personality and coping resources of the individual, all of these in complex interaction determine the extent and intensity of stress responses. L Rapoport (1962) has described three interrelated conditions that produce the crisis state: (1) there is a hazardous event which threatens the individual: (a) the threat is more damaging if it is symbolically linked to earlier stresses that resulted in increased vulnerability or conflicts and (3) the person is unable to respond with adequate coping mechanisms “Stress” and “crisis” cannot readily be separated conceptually although some writers have attempted distinctions. Both terms refer to a condition that disrupts former adaptation and involves states in which there is threat capable of overwhelming the coping resources of the individual; therefore, emergency mechanisms are called into play. The consequence may be either effective functioning or disintegration and symptom formation (Basowitz, Persky, Korchin, and Grinker, 1955: Janis 1958: R S Lazarus 1966)

Life crises are a major reason why people seek psychotherapy. Typically some stressful event overwhelms coping capacities or reinstates earlier conflicts and the distressed person seeks psychological help. Focusing on the precipitating stress has been found to be an effective therapeutic technique which can establish the groundwork for continued psychotherapy oriented to more extensive character reorganization (Kalis et al, 1961). In many cases, of course, people pass through crisis states without seeking mental health professionals they may turn instead to lawyers, doctors, vocational or marital counselors, or even to friends and relatives. Crisis is universal and crisis intervention is everybody’s

Clinicians have rightfully pointed out that they have always been involved in crisis intervention, but it is only in the recent past that there has been focal concern among mental health workers with the crisis state and its clinical management, an emphasis of considerable importance in community mental health thinking. This has arisen largely from the work of Lindemann, Caplan, and their colleagues in the Boston area (Lindemann, 1944, 1956: Caplan, 1961, 1964; Parad, 1965)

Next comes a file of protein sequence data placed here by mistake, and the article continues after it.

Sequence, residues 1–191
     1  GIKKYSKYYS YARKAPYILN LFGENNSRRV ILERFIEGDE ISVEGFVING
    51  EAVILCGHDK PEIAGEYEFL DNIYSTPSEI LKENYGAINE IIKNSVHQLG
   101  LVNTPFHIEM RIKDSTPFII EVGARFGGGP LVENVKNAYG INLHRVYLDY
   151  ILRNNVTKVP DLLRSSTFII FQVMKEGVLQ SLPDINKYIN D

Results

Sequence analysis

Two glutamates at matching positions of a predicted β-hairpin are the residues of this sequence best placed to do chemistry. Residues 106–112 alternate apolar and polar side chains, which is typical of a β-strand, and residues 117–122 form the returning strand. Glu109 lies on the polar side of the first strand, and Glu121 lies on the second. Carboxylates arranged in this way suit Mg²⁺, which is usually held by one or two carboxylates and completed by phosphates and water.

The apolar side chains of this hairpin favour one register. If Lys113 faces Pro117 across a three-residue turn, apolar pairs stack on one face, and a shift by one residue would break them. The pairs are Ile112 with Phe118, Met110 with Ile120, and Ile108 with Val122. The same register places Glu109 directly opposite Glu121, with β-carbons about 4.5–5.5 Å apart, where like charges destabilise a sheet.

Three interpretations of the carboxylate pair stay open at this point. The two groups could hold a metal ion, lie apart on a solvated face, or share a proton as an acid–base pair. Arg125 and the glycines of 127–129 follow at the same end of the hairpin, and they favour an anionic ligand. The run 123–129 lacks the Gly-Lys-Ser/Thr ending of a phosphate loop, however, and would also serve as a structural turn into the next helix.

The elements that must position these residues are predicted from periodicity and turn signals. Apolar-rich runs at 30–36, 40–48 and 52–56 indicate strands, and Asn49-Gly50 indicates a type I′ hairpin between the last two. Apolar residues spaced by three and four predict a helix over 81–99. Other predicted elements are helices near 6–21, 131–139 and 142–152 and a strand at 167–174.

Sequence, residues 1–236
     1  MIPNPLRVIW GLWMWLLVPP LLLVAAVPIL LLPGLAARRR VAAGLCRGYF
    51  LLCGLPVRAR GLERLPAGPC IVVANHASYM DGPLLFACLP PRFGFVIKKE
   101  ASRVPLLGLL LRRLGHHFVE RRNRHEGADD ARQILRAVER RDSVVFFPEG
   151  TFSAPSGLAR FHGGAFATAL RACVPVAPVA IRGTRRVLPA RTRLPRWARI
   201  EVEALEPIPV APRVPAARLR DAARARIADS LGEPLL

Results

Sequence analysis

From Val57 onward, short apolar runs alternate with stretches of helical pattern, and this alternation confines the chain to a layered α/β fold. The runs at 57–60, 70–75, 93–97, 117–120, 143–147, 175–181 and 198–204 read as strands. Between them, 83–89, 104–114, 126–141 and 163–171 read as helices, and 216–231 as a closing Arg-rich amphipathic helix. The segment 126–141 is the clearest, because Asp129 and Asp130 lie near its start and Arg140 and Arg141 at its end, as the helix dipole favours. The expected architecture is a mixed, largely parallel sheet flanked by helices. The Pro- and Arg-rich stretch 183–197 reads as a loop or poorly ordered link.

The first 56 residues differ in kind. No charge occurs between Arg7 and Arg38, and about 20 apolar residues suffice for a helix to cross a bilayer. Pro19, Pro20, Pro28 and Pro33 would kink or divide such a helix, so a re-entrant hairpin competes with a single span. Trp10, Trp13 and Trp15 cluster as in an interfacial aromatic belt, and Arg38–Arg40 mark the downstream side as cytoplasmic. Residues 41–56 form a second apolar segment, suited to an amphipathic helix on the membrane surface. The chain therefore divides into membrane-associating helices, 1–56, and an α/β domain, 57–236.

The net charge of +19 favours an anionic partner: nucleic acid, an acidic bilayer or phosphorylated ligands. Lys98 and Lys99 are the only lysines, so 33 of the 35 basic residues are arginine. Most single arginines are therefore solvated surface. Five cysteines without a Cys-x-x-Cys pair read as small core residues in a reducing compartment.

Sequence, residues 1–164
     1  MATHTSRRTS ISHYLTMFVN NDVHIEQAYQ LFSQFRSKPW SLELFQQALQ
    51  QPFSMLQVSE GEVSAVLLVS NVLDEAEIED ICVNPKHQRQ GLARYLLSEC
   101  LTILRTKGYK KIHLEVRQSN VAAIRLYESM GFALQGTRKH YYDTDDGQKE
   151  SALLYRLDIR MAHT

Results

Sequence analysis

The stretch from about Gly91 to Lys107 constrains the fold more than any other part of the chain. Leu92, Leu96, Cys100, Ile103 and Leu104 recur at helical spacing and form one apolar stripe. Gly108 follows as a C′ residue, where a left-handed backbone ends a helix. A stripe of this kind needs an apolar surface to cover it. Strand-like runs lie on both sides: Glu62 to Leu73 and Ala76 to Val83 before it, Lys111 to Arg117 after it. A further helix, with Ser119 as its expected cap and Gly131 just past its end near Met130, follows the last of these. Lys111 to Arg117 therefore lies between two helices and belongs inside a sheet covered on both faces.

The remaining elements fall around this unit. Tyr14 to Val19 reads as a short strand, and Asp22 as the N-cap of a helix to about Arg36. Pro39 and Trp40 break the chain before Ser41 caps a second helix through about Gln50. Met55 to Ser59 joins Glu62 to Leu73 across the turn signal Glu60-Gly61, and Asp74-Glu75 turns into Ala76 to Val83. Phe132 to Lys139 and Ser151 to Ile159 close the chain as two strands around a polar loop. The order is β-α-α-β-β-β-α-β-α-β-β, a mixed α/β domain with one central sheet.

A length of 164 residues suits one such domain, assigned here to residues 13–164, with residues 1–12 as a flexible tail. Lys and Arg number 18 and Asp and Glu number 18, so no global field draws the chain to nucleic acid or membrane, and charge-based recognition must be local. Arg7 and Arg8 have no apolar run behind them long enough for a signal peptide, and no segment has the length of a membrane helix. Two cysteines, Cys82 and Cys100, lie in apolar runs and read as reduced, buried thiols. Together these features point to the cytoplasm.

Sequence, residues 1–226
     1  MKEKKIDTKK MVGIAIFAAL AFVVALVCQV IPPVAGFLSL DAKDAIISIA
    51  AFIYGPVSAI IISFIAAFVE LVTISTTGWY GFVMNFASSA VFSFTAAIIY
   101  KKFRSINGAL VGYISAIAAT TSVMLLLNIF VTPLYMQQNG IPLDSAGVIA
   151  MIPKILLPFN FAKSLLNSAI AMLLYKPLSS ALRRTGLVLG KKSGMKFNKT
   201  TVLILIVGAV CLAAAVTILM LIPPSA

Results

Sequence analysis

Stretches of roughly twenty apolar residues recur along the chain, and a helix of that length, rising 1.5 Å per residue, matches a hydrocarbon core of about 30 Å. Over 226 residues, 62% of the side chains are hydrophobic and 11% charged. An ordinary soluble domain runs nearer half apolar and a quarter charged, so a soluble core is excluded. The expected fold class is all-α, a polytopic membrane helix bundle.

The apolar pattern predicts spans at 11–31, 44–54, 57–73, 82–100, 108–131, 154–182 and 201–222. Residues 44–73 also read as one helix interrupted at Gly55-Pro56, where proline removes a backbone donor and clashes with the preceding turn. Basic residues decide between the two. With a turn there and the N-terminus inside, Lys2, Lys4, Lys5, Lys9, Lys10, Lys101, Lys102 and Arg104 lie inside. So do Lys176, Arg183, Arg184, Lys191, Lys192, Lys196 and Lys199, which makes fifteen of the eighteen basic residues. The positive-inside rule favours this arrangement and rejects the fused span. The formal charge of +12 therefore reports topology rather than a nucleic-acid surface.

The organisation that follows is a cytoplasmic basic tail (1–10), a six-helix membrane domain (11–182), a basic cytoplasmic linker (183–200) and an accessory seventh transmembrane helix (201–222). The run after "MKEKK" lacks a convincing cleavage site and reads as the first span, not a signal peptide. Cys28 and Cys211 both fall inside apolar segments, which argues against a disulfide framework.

A critical event in this development was the tragic fire in the Coconut Grove nightclub in Boston in 1943. The many dead and dying were taken to nearby hospitals Erich Lindemann, a psychiatrist on the staff of the Massachusetts General Hospital interviewed relatives at that time and on later occasions to help them in their grief (Cobb and Lindemann, 1943). From this experience, he formulated a concept of the grief reaction and conceived the fundamentals of crisis intenention methods (Lindemann, 1944, 1956). These principles were given fuller expression in Lindemann’s Wellesley Human Relations Service, which was an important forerunner and prototype of modern community mental health centers. Crisis theory and intervention methods were further developed in the writings of Gerald Caplan (e g., 1961, 1964) and his colleagues and students (Parad, 1965).